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There is a hole where my dreams should be.
I try to sleep, but the dark is as elusive as comfort. I twist restlessly in my waking, and even more restlessly still in my sleep. When my eyes do stay shut, and I manage to grasp the fragile fleeting tendrils of slumber, I dream of a hole where my brother should be. I dream of bullet holes and holes in the ground, and holes in hearts. I dream of a hole, starting in the center of the city and growing outwards, devouring all in its path, swallowing the entire city into the earth. And then there is a gravestone by the hole, and as I'm about to read it, I wake, trembling, sweating, my heart pounding.
So many holes that need filling.
I return to work the next morning at the Pulopolis Public Library. I take my place behind my desk on the second floor, amidst the crime and detective fiction section. I have always had the same fascinations as Johnny, I just took them in a different direction.
My desk-mate Helen arrives a couple of minutes later, sets her purse behind her chair and sits down. She is a bespectacled brunette about my age of average looks and height. She has worked here as long as I have, and has always been a good friend to me. She glances at me at of the corner of her eye a few times as she shifts some books and papers around on her side of the desk before speaking.
"Hey Mark," she says gently. "Rough night?"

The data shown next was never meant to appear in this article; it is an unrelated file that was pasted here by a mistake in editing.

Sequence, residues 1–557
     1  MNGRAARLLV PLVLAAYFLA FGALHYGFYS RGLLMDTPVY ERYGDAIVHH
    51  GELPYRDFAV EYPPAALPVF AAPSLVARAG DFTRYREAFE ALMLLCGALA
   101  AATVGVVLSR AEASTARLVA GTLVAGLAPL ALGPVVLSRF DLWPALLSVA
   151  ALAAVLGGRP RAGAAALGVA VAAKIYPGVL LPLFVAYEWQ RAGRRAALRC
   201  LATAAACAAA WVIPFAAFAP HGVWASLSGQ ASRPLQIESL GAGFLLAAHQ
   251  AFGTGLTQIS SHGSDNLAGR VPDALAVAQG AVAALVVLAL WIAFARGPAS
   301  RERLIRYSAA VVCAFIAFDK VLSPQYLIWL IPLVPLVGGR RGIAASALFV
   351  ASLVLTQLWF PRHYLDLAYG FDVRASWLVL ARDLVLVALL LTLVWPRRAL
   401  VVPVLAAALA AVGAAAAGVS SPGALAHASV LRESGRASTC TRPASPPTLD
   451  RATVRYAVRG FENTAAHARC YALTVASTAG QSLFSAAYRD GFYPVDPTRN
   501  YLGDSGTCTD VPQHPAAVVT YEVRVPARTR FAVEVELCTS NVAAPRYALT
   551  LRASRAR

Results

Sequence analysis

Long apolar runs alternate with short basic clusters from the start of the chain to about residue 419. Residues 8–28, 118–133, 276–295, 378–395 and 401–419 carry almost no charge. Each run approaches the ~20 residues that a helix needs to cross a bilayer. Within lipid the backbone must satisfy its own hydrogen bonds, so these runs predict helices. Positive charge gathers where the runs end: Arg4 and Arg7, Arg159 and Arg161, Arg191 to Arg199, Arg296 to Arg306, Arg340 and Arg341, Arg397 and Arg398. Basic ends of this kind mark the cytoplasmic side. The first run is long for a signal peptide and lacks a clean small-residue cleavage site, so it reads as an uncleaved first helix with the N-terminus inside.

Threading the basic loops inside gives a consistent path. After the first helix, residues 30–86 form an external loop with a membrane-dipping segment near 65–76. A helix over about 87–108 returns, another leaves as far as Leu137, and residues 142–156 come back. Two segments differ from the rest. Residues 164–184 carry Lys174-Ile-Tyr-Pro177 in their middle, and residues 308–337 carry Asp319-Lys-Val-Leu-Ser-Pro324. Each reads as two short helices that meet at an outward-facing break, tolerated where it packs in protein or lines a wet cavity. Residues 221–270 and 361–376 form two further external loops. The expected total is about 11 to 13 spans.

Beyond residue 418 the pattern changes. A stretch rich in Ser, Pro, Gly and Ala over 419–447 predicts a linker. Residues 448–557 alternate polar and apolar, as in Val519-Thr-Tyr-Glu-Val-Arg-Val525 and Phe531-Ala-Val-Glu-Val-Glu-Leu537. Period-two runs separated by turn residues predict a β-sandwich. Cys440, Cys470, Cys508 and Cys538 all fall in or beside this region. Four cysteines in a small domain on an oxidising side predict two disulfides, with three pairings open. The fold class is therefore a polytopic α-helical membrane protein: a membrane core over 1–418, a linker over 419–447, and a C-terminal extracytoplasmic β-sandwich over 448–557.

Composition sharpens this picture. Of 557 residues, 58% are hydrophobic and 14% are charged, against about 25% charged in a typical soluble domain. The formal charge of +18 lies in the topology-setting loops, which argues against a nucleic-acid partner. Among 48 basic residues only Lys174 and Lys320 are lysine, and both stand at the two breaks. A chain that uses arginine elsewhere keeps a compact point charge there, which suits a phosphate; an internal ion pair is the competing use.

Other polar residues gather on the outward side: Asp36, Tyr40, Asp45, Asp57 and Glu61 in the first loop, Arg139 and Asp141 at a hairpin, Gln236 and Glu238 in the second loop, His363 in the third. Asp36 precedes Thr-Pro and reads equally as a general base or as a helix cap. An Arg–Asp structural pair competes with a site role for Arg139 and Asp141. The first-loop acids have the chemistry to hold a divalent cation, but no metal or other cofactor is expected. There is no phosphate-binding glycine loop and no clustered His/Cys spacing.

I simply nod my head, not even making eye-contact.
"I'm sorry. If you need someone to talk to, I'm here for you, alright?"
"Thank you," I say after clearly my throat. I blink my eyes to keep the tears down. "I'm alright for now, though. I appreciate the offer."
I try to make myself look busy so as to avoid her worried gaze. The day goes by in relative silence. The library is never busy in this city. No one in Pulopolis reads anymore. Not when there are people to murder and steal from. And it's a Monday to boot. No one is here.
I shelve books and write out forms and orders, and file papers away. My tasks go by monotonously and slowly, and never are granted my full attention. My conversation with Harvey from last night is never far from my mind.
Finally, the clock's diligent hands all stand at attention, and Helen tells me that I can take my lunch break first. I thank her for her kindness and pick up my coat and put it on. I walk down the stairs and out the front door into the fog. I get the feeling that I won't be seeing Helen again any time soon. I am saddened a bit at the notion, and pause to look up at the second story window. I hesitate for a moment, and take a step back toward the library door. I reach into my pocket and look at the business card with Harvey Farleone's name and phone number on it. I turn away from the library and walk down the sidewalk into the thick fog that concealed the surface of the city from prying eyes.
"Harvey?" I say into my cell phone as the gray envelopes me, "I have an answer for you."